Is the new behemoth on the block still fundamentally misunderstood?
The Blogfather takes stock of the UFC after its mesmeric rise, and ponders the key to it ascending to the next level.
“At first, people think: ‘Gosh, these guys are just a bunch of bar room brawlers’, [but] when they get to meet them they see that they are martial artists. They are intelligent. It is about the competition. It is about the sport. It is not about, in any way, the violence." Lorenzo Fertitta
In January 2015 I was house sharing with a guy who, somewhat fittingly for this blog, was an apprentice plumber. One night he asked me if I was up for watching a UFC fight he had recorded. Despite not being a fan (in truth, despite not really knowing what it was about at all), I said yeah, sure.
The fight was Conor McGregor v Dennis Siver. I can still recall now, after McGregor had won on a TKO in the second round, how he mounted the top of the Octagon to goad the watching, incumbent champion José Aldo.
It was genuine theatre in the round, or Octagon to be precise, and I was particularly taken by McCregor. There was a calm serenity to how he prowled around the Octagon that was reminiscent of the predatory grace of a panther. In the post fight interview, it was also evident he very much had the Irish gift of the gab too. I was inquisitive to know more about the guy, what his story was. How talented was he regarded. Was he just an upstart or the real deal? Anyone who follows UFC knows what subsequently happened at UFC 194: he went on to knock out Aldo in 13 famous seconds, and a mega star became fully bloomed.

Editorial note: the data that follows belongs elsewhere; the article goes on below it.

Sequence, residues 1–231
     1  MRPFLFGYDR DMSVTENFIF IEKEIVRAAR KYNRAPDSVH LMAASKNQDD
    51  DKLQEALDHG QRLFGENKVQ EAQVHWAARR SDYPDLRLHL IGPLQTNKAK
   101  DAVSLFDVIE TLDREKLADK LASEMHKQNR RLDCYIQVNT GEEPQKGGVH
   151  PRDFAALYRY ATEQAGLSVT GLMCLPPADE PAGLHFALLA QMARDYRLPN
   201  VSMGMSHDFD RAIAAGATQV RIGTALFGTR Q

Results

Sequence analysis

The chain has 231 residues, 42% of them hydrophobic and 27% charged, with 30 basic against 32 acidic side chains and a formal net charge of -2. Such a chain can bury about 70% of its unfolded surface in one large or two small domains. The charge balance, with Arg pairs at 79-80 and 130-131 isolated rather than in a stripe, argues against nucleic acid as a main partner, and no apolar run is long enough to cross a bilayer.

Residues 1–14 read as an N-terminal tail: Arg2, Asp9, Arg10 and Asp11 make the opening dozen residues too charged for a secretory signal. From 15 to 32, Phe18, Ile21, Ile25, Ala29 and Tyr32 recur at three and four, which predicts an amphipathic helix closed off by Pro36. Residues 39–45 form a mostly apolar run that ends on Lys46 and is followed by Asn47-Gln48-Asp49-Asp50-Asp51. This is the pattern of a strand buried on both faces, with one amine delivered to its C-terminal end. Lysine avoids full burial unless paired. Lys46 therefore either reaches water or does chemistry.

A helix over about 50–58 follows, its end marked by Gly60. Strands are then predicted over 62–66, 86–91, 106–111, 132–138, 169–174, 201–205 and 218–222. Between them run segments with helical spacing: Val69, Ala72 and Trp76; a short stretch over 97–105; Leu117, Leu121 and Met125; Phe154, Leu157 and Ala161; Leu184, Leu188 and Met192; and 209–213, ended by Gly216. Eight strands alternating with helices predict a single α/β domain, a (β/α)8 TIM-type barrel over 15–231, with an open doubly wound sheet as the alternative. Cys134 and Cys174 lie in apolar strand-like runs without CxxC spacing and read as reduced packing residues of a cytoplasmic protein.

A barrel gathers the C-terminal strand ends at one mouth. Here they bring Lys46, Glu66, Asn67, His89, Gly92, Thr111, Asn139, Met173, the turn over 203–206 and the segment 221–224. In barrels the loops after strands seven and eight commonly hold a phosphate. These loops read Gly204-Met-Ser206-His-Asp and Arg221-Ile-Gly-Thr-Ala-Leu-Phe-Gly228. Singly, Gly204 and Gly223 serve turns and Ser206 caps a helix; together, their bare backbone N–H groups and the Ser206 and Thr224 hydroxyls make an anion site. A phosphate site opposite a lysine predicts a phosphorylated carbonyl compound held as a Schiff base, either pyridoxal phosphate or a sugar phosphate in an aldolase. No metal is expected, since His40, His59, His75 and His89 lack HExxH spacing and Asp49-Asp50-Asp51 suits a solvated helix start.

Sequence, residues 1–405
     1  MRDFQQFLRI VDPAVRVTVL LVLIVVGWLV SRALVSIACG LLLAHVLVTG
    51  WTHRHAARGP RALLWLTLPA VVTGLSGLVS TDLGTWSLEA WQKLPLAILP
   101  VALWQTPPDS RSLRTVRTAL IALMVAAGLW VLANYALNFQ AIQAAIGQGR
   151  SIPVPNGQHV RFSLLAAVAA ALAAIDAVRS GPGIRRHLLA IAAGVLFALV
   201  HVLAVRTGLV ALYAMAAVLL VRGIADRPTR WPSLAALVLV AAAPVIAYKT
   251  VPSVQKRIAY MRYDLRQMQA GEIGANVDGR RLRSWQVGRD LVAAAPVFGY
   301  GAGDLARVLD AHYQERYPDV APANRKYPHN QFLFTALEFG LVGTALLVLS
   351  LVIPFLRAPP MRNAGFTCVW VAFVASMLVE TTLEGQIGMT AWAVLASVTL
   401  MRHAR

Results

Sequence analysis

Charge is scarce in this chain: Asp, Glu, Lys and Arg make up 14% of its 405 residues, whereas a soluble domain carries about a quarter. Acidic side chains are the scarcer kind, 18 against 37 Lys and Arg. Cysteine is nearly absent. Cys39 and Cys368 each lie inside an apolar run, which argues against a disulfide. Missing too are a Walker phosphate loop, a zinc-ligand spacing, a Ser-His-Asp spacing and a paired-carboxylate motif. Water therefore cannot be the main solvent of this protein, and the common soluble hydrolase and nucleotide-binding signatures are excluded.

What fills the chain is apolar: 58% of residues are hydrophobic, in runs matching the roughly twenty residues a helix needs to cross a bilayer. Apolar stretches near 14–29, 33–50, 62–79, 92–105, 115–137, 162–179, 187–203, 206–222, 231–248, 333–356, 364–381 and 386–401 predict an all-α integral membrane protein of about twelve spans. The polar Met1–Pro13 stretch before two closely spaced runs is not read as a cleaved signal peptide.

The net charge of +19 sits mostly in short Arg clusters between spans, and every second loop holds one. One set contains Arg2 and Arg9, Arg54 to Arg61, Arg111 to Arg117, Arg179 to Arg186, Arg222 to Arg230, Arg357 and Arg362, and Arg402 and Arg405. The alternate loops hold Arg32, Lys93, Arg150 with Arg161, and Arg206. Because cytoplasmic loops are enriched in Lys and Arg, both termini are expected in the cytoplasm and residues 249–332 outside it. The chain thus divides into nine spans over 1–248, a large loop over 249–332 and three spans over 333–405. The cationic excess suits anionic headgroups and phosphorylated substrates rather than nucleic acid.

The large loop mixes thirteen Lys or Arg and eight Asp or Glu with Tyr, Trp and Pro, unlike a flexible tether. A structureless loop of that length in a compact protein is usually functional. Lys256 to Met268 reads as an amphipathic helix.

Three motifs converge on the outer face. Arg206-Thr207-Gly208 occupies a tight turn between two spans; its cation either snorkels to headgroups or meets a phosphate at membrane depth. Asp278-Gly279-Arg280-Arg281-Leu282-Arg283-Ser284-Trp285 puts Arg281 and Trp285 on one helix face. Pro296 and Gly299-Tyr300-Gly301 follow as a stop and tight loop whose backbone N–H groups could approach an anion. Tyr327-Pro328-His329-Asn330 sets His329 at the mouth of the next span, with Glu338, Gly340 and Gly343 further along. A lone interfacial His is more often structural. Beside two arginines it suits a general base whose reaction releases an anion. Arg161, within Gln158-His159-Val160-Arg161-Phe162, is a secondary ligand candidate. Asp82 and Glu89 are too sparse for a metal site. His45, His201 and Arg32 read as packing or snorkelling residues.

The rise of UFC and McGregor are so entwined that they both feed and fuel each other, but one thing’s for certain; any sport would kill for as marketable a star as Conor McGregor. Yet as meteoric as the recent period has been, there is a word that still presents UFC with a problem. Cage.
One goal for any brand is achieving the correct, immediate, word association. For example, you say Nike, I think “fast”. You say Volvo, I think “safe”. You say Uber, I think “I’ll walk.” A common reaction I find when talking to someone who does not immediately recognise UFC is for them to be suddenly struck with enlightenment and state; “ah, you mean cage fighting?”
But it’s not just the word cage, it’s more the image of the fights happening within a cage. As Lorenzo Fertitta, one of the two brothers who own UFC, states:
“At first, people think: ‘Gosh, these guys are just a bunch of bar room brawlers’, [but] when they get to meet them they see that they are martial artists. They are intelligent. It is about the competition. It is about the sport. It is not about, in any way, the violence.”
Whilst not quite synonymous with “cage fighting”, UFC does struggle to distinguish itself from MMA’s rather robust origins. This undermines its aspirations and means it’s misunderstood on a baseline level within the public conscious (MMA is the wider sport, UFC is, in essence, a promotions business, but is no doubt mid-morph into something bigger).